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Country diary: even the dowdiest day-flying moths deserve a closer look

Langstone, Hampshire: Garden tigers and hummingbird hawkmoths are spectacular, but there are gems among the smaller species too

There are significantly more species of day-flying moths in the UK than there are butterflies – over twice as many large “macro moths”, plus a number of smaller, harder to identify “micro” species – but they are often overlooked in favour of their more familiar cousins.

It’s impossible to ignore the hummingbird hawkmoth darting back and forward between my buddleia bushes in the company of another summer visitor, a silver Y. As it hovers with an audible hum, supping nectar through its inch-long curved proboscis, I can see why this spectacular migrant is easily mistaken for its namesake. Though unrelated, both creatures have evolved similar traits – a perfect example of convergent evolution.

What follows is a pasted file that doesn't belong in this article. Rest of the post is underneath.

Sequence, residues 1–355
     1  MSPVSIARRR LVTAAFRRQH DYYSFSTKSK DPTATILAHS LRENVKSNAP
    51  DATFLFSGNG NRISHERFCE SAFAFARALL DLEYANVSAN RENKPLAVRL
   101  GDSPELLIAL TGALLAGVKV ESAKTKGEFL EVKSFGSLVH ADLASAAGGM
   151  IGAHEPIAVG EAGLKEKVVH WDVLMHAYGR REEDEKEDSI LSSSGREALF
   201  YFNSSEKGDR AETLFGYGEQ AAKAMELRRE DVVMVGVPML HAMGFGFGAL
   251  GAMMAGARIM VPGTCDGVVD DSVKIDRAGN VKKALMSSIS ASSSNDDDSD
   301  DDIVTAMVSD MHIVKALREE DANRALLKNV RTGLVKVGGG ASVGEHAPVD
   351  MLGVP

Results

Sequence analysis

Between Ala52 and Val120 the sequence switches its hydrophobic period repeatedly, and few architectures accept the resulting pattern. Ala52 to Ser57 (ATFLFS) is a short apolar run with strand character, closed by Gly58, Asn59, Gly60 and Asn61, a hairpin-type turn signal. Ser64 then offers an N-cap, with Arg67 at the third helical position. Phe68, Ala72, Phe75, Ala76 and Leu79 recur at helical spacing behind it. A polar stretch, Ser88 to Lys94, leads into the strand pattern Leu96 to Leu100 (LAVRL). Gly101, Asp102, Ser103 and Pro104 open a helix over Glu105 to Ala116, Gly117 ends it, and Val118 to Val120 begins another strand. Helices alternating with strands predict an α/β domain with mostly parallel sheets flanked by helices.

Related: British moths in calamitous decline, major new study reveals

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